a joke or clever remark that upsets or annoys you
Origin and usage
The noun wisecrack is formed from the adjective ‘wise’ and the noun ‘crack’. It was originally used in American English and is first recorded in the early 20th century. The verb came a few decades later.
A ‘crack’ is defined in Macmillan Dictionary as ‘a rude or insulting joke’, and a wisecrack is one of these with an added element of cleverness or wit, as in the expression wise guy. Wisecrack started life in American English and was originally an open or hyphenated compound. Wisecracking was originally associated with a type of humour that was thought of as specifically American; the style of stand-up comedians who rap out a succession of one-liners, or of classic Hollywood comedies in which characters exchange quick-fire witticisms. The term also brings to mind ‘Rowan and Martin’s Laugh-In’, a fast-moving TV comedy show from the 60s and 70s that alternated sketches featuring stock characters with music and jokes. A more recent example of a wisecracking character is the Genie played by Robin Williams in Disney’s ‘Aladdin’ or Mike Wazowski, the rotund monster played by Billy Crystal in ‘Monsters, Inc.’ who makes up in wit for what he lacks in scariness.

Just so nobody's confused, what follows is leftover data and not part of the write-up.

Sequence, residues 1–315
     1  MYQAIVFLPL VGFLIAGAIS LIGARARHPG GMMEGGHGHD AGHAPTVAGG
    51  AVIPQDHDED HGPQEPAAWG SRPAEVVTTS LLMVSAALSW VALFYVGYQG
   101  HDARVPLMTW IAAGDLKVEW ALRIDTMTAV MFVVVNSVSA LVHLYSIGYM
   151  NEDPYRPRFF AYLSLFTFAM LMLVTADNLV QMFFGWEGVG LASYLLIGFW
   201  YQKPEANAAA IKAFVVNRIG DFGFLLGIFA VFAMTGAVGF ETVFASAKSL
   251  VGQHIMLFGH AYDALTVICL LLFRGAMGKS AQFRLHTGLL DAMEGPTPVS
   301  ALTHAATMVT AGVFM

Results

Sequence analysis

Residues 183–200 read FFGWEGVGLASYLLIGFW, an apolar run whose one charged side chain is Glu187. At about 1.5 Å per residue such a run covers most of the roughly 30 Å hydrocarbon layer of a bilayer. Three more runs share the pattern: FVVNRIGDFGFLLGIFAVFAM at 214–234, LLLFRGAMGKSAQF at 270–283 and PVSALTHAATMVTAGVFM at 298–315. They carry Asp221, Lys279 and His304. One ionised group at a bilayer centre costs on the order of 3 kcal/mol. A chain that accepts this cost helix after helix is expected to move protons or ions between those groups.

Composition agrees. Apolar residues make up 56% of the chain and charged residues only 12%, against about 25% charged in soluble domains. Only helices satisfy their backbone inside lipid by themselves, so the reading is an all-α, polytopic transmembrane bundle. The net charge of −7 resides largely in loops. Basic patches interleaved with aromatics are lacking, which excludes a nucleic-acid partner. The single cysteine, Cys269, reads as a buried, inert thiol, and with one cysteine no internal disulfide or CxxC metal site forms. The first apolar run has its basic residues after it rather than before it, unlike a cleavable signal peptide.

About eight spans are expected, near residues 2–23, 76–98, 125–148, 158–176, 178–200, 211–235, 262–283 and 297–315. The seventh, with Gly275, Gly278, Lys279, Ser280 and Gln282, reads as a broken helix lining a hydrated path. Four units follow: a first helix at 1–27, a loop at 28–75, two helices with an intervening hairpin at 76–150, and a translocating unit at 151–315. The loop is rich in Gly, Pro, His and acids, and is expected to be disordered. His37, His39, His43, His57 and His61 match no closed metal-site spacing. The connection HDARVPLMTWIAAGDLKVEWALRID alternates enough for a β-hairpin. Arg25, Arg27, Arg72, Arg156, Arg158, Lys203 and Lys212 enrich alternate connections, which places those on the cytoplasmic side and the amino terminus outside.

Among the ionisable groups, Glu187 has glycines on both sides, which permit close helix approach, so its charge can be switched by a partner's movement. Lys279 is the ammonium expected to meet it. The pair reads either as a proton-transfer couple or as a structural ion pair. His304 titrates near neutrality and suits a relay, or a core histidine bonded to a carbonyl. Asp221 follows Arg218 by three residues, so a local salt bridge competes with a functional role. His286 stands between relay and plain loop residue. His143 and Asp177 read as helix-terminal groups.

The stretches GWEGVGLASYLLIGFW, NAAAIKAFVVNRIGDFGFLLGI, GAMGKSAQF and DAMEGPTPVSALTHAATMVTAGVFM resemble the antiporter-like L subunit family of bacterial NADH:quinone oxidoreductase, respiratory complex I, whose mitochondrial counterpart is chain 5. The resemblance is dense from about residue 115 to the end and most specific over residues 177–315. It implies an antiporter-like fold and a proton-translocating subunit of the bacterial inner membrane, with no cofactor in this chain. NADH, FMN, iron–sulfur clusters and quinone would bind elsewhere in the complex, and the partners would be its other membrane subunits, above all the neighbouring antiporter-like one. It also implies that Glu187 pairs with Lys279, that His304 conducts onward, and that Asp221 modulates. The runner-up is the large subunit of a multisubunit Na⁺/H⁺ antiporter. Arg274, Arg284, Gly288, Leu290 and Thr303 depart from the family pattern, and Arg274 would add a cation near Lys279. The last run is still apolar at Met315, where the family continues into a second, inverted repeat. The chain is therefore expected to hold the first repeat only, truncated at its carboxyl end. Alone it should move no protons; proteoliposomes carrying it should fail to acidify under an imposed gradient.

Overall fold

“It would be a terrific innovation if you could get your mind to stretch a little further than the next wisecrack.”
(Katharine Hepburn in ‘Stage Door’)
“Marriage is a great institution, but I’m not ready for an institution.”
witticism, one-liner, crack